Embracing the darkness

In the third of our Advent series, ‘Light in the darkness’, Eley McAinsh suggests that we should embrace the darkness, not shun it

29 November 2020

Last week Gordon Giles, author of BRF’s 2020 Advent book, At Home in Advent, wrote of the ‘spring of darkness, the premature Advent’ we’ve all endured since early this year:

We have been living Advent not as a spiritual exercise, but as a living, breathing, dying, suffocating real life-and-death phenomenon.

Darkness is deeply associated with danger, threat and fear – the unknown lurking in the shadows. So pervasive is our present longing for hope and light that even the Today programme on BBC Radio 4 is running a regular feature called ‘Moments of Light’. Well-known contributors are invited to share the little things that bring light to their dark and fearful days. Earlier this month, it was the Welsh singer and broadcaster Cerys Matthews’ turn. She described in her soft Welsh lilt how a particular music track from Senegal lit up her day, ‘despite everything’, and ‘brought waves of warmth and hope’.

Reflecting on reality

Gordon Giles shares our weariness and impatience, our urge to run headlong towards the twinkling lights of Christmas, but argued compellingly for patience and penitence, the traditional disciplines of this increasingly countercultural season. He encouraged us not to shun the darkness of Advent but to embrace it:

We need Advent more than ever. For reality must be reflected upon and we must not sleepwalk through these challenging, precious, profound times. There is much to learn and upon which to reflect.

Health and wholeness

‘Embrace the darkness’ might sound like bitter medicine, especially when we’re all feeling so fragile, but physiologically, psychologically and spiritually, our health and wholeness depend on it.

Biologists increasingly recognise the dangers of overriding our natural bodily rhythms and subjecting them to more light than is good for them. ‘We toy with our body clocks at severe risk to our wellbeing,’ wrote Hugh Wilson in The Guardian.

It was C.G. Jung, one of the founders of modern psychology, who alerted us to the power of the ‘shadow’ in our psyches: the unconscious, unknown dark side of our personality. Both individually and collectively, this shadow can be dangerous and destructive until acknowledged, explored and integrated.

As we confront the repressed and denied aspects of our personalities and come to terms with our darker selves, we see ourselves more clearly. We become more grounded, human and whole. When we can accept your own darker parts, it is easier to accept the shadow in others.

As we come to terms with our darker selves, we become more grounded, human and whole.

Spiritually, the Christian mystics of every age subvert the easy classification of light as good, safe and true, and dark as evil, dangerous and false. There is a profound and ancient strand in Christian tradition that invites us not to avoid the darkness but to embrace it; to wait attentively in the shadows and open ourselves to the unknown and unknowable.

The cloud of unknowing

The 14th-century author of The Cloud of Unknowing writes:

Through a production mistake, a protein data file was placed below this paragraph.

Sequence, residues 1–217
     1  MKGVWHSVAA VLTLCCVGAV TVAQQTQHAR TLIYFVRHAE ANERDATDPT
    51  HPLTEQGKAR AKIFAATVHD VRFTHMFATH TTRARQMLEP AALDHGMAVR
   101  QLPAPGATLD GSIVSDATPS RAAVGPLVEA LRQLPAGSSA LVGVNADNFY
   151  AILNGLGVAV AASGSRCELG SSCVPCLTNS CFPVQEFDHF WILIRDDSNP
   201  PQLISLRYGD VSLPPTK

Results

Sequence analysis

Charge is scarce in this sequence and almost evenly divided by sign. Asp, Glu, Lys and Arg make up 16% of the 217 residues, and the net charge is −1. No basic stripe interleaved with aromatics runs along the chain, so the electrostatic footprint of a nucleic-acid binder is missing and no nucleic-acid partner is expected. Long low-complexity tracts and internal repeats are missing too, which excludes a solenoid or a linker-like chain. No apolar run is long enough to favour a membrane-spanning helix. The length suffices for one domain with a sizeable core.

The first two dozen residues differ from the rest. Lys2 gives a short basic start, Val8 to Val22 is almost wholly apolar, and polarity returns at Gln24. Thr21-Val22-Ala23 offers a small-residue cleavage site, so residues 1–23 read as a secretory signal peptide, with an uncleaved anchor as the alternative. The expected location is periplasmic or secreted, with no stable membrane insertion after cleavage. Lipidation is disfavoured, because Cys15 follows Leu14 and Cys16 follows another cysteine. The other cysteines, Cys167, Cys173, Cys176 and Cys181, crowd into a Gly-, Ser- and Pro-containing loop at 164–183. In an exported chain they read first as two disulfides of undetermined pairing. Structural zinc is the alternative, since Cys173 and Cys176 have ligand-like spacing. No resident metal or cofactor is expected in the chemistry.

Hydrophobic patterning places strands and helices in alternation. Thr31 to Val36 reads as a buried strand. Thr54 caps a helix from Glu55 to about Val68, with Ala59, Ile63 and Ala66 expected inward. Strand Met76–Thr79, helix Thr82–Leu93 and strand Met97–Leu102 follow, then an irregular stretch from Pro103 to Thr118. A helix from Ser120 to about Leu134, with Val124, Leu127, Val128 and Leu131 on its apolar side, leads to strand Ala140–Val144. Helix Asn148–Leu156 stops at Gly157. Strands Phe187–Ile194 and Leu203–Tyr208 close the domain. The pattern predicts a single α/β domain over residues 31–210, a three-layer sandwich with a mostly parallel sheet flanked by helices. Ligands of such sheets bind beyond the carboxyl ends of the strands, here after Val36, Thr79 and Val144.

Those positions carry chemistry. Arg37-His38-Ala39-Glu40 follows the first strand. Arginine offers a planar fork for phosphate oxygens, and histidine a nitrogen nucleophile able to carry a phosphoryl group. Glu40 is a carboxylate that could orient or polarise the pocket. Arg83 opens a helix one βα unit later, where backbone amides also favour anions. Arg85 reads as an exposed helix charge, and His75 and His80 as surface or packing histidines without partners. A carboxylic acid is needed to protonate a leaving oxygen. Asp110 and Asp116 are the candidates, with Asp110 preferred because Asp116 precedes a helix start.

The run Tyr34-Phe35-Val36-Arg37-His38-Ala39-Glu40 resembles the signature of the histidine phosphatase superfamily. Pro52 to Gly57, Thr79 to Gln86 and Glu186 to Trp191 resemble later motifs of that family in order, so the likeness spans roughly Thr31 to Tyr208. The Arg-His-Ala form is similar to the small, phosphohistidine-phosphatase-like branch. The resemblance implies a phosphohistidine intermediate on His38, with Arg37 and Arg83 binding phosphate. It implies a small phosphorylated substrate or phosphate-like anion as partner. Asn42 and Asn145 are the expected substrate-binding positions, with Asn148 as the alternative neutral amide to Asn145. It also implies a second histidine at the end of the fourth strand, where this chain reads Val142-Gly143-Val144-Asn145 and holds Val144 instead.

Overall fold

In the beginning, it is usual to feel nothing but a kind of darkness about your mind, or as it were, a cloud of unknowing. You will seem to know nothing and to feel nothing except a naked intent towards God in the depths of your being. Try as you might, this darkness and this cloud will remain between you and your God. You will feel frustrated, for your mind will be unable to grasp him and your heart will not relish the delight of his love. But learn to be at home in this darkness. Return to it as often as you can, letting your spirit cry out to him whom you love, for if, in this life, you hope to feel and see God as he is in himself it must be within this darkness and this cloud.

‘Learn to be at home in this darkness,’ says the author of The Cloud of Unknowing in the 14th century.

Do not ‘sleepwalk through these challenging, precious, profound times,’ urges Gordon Giles in the 21st century.

These exhortations go together. What better time to practise this way of being than in this particular season of Advent, as the daylight hours fade and rules and restrictions encroach on every aspect of our lives.

Learning to walk in the dark

Barbara Brown Taylor, the popular American writer and professor of religion, writes in her bestselling Learning to Walk in the Dark:

I have learned things in the dark that I could never have learned in the light, things that have saved my life over and over again, so that there is really one logical conclusion. I need darkness as much as I need light.

Her book draws deeply on her own Christian experience, on the witness of scripture and on the wisdom of centuries of Christian mystics. She concludes:

Among the treasures of darkness I have dug up along the way are a new collection of Bible stories that all happen after dark, a new set of teachers who know their way around the dark, a deeper reverence for the cloud of unknowing, a greater ability to abide in God’s absence, and – by far the more valuable of all – a fresh baptism in the truth that loss is the way of life. The last one is hard to trust, which is why I need to keep walking in the dark.

Eley McAinsh

Eley McAinsh is a member of BRF’s marketing and communications team and the editor of Bible Reflections for Older People.